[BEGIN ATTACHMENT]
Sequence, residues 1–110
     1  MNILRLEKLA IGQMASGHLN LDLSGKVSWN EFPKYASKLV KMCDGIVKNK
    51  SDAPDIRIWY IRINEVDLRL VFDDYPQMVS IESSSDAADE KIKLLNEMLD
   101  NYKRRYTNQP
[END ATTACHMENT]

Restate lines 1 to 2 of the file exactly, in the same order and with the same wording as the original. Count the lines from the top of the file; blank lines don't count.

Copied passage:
Sequence, residues 1–110
     1  MNILRLEKLA IGQMASGHLN LDLSGKVSWN EFPKYASKLV KMCDGIVKNK